said, he would support the second reading of the Bill, because the subject was one on which he thought there should be legislation. He could not, however, conceive that there was any danger to the Bill in sending it to a Select Committee, and he hoped the House would adopt that course, especially as the Bill differed materially from the recommendations of the Commissioners. But whilst supporting the second reading of the measure, he must say that he thought there was one objection of considerable weight to it—that objections was, that while the expense of carrying out the system advocated by the noble Lord would be very considerable, no power had been given to the occupiers of land to control those expenses. The whole control had been vested in the visiting committee, who were to be appointed by the grand jury, so that the occupiers would not be represented at all. If they were to have a satisfactory measure, those who paid the rates must be fairly represented. The pauper lunatics under the present system were confined in the workhouses, and by this Bill it was proposed to transfer them to the asylums. Now under the present plan, one half of the expense fell on the landlord, and the other half on the occupier; but by the new system all the expense would be thrown on the occupier, and at the same time no power of controlling those expenses would be given to him. He directed the attention of the noble Lord to these objections, in order that he might see whether they could not be removed. All he wanted was to make the Bill as good a one as possible. With regard to Dr. Nugent's case, he made an appeal on behalf of the five Commissioners, gentlemen who bad performed a most disagreeable, laborious, and unpaid duty, in a most able and impartial manner; and he hoped to hear an approval of their conduct front the Government, and that the letter that had been written by Dr. Nugent bad not been published with their approval.


explained, that shortly after the Report of the Commissioners was published, Dr. Nugent represented that he thought the general management of the asylums was very much impugned, and stated that he had prepared a letter for publication on the subject. He (Lord Naas) told him that he was at liberty to publish it, on his own responsibility, and that, as the subject was coming before the House and the country, for the purposes of legislation, the more it wat discussed the better. He was glad to find that the principle of this Bill had met with such general support, as it was the earnest desire of the Government to provide what was very much wanted in Ireland—namely, increased accommodation for the lunatic poor. The principle of the Bill was clear and definite, it proposed to substitute a local for a governmental or central management and control. The system which had hitherto been pursued was not a good one; the Lord Lieutenant ordered a building to be erected in some distant part of the country, the plans were prepared and put in execution at the instance of the Board of Works, and in many cases the first intimation that the ratepayers of the localities had of these asylums having been built was a demand for payment in the shape of an imperative presentment. The same might be said of their management. Hitherto the Lord Lieutenant had appointed the governors and officers of the asylum. An opportunity now arose for carrying out the great principle that had prevailed for many years—that of putting into local hands the management of institutions supported out of local rates. All legislation for the last twenty years had tended in that way, as witness the Municipal Corporation and Poor Law Acts, the Acts for the improvement of fisheries, for vesting works of navigation and drainage in the hands of trustees. The practical working of these different measures had been attended with success, and he could not see wiry the lunatic asylums of Ireland should be an exemption from so wise a rule. The right hon. and learned Gentleman who had just sat down appeared to deny that the grand juries represented the ratepayers. That was a matter of opinion; but at any rate, the grand juries were the only fiscal boards in Ireland known to the law; they were entrusted with the levy and disposition of the county funds, and although it might be thought a reform in the constitution of the grand juries was desirable, that was no reason, so long as they existed, for not entrusting to them this duty, which was analogous to the other duties they had to perform. The right hon. and learned Member also charged him with having departed from the recommendations of the Commissioners, but with the exception of the appointment of visitors, and with regard to the Central Board, he (the noble Lord) had adhered to all the most important recommendations of the Commission. The Central Board was nothing more than the present inspectors under another name. What he proposed to do was to define the duties of every person connected with these asylums, from the highest to the lowest; and in order to enforce the punctual performance of those duties, that there should be a constant system of inspection carried on under the supervision of Government. The Lord Lieutenant and the Government would be responsible for the proper inspection of these institutions, and the inspectors would report to Parliament. Under the new system he believed that not only would the management of the asylums be satisfactory, but that the attendance of the governors would be regular. This had been far from the case heretofore, seeing that, by the returns of 1856, out of 530 governors of lunatic asylums in Ireland, 276 never attended at all, the attendance of the remainder appears to be very irregular. The boards meet generally once a month, or twelve meetings in the year; and he found that out of 530 governors only eighteen attended twelve times in the year, and six of these gentlemen belonged to the Dublin asylum. Amongst other recommendations of the Commissioners, he had adopted the compulsory appointment of chaplains, the admission of paying-patients, and other matters, so that, with the exception of the two he had mentioned, he had carried out most of the recommendations of the Commissioners. With regard to the want of accommodation, he was perfectly aware that to carry this Bill into operation would occasion a considerable outlay of public money; but the powers which he took to provide increased accommodation actually existed at present, and for the future the works would be carried on under the direction of the local authorities. At the same time, he did not agree with the hon. Member for Clonmel (Mr. Bagwell), that it would be desirable to create separate establishments for what were called incurable lunatics. Many medical men were of opinion that there were few cases of mania which should be pronounced absolutely incurable, and that there were none in which the symptoms might not be mitigated. To place these unhappy persons in an asylum of incurables would, he feared, lead to cruelty and mal-treatment, and would place them in an institution from which hope was altogether banished. Of course it was scarcely possible to introduce any measure into Parliament which might not be susceptible of improvement; and he should be happy, in the progress of this Bill, to attend to any suggestions that might be made, but he believed that it would be difficult to attain the objects which they all had in view, if the main principles of the Bill which he had proposed were not steadily kept in view.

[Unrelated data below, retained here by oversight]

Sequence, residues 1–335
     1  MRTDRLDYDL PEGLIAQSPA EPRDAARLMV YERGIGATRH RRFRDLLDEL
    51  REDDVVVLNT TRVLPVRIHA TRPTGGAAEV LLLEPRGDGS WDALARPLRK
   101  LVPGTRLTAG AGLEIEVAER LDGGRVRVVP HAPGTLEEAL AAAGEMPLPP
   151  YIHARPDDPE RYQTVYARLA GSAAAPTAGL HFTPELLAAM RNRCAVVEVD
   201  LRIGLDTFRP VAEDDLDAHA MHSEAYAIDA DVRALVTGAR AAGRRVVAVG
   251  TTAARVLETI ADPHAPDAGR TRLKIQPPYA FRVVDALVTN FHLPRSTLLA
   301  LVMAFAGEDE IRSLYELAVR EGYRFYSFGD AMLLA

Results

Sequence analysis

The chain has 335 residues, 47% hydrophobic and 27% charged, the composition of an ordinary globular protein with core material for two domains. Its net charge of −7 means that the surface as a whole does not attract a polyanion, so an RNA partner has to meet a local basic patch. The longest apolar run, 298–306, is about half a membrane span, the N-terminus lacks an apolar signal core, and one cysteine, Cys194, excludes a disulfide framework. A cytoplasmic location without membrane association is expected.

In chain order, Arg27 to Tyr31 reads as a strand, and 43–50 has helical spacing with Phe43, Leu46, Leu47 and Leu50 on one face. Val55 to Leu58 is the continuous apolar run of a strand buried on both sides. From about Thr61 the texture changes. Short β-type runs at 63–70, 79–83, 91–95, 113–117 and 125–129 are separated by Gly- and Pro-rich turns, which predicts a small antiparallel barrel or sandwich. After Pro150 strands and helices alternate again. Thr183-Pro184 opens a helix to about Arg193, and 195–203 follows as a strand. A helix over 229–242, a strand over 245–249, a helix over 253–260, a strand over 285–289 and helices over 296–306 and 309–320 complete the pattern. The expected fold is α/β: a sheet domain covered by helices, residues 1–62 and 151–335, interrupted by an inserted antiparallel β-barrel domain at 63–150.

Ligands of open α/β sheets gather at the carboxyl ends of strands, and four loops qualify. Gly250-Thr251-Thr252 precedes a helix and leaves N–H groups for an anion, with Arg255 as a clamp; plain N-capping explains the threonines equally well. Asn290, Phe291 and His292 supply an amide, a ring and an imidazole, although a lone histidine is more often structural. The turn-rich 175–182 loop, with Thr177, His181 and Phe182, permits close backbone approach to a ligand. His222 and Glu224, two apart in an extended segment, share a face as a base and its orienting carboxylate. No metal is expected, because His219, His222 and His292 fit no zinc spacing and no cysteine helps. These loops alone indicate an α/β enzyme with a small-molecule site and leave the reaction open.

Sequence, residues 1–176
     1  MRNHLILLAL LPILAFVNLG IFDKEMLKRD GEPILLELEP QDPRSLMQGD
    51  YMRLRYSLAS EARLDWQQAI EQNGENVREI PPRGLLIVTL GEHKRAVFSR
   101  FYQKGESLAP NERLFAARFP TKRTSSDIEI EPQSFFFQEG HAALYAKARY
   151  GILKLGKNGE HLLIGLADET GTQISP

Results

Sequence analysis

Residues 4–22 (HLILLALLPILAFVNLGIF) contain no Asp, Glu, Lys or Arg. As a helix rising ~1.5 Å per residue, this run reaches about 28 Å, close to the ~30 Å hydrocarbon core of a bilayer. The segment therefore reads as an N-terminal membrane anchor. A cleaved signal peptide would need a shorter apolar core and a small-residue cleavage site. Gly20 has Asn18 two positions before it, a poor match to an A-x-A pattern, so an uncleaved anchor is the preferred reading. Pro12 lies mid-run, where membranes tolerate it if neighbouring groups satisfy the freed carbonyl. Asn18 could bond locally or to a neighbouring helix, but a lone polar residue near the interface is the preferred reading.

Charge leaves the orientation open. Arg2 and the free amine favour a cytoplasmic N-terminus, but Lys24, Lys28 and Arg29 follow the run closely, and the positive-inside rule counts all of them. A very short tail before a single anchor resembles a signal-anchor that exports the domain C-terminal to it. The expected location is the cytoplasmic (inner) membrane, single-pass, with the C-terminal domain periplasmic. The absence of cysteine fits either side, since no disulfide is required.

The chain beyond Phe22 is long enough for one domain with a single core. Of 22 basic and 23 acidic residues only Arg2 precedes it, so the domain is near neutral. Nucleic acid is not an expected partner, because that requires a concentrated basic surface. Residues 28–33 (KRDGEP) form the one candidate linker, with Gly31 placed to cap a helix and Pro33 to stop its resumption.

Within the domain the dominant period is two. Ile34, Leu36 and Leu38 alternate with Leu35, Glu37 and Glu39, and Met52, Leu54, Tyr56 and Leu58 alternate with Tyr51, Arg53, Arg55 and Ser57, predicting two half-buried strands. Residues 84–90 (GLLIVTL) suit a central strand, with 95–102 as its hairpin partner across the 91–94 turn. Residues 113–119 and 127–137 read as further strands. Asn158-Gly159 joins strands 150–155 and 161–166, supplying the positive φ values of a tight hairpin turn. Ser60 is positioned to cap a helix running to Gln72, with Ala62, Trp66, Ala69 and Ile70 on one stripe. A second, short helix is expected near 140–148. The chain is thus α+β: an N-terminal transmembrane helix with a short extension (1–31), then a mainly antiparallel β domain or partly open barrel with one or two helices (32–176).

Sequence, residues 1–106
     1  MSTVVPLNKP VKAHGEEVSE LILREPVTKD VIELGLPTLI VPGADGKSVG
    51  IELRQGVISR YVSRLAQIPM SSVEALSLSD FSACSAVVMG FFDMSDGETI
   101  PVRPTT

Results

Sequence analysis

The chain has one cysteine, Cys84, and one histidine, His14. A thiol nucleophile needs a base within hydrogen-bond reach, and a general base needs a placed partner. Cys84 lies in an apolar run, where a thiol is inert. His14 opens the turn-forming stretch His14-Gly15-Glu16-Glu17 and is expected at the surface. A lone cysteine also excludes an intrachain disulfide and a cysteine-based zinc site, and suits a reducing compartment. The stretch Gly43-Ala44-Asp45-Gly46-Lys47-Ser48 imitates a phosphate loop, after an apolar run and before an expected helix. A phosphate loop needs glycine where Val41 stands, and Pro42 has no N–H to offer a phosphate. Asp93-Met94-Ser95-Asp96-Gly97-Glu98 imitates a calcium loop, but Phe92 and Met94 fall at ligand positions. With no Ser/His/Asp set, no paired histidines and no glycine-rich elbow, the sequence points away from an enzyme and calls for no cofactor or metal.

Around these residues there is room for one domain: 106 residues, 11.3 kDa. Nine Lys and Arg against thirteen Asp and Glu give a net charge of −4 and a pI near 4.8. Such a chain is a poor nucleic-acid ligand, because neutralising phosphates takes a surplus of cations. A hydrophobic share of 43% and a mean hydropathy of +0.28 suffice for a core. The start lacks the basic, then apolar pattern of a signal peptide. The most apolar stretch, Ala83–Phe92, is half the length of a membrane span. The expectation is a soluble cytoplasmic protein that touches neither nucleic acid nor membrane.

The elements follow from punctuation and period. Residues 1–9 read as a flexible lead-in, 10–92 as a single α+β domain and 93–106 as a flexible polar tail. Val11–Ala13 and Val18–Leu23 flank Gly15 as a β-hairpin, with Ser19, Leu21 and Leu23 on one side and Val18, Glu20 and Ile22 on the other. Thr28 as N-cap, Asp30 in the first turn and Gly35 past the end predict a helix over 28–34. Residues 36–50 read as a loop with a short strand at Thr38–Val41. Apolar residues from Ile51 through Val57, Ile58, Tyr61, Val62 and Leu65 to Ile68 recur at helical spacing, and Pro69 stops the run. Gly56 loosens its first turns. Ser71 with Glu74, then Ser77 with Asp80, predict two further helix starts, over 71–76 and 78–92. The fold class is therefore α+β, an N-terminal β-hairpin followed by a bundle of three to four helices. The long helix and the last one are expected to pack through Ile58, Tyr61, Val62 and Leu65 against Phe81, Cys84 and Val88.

said, he believed that the Bill would inflict a great injustice upon the occupiers of land in Ireland if the expense were to fall on them alone. He also objected to placing the proposed power in the hands of the grand jury, believing that it would tend to bring them into collision with the people at large. They were, he admitted, generally speaking men of high character, but in many instances they had exhibited a very arbitrary disposition in the appointments they had made.


remarked that the only question of difference was, what should be the body who should nominate the governors of these asylums. He did not see, however, that that was a question which could be better discussed in a Committee upstairs than in the whole House, and he would suggest that a day should be set apart for the discussion after the assizes. He did think that those who contributed the funds should be represented in these boards.

Amendment, by leave, withdrawn:—Bill committed for Monday, 7th March.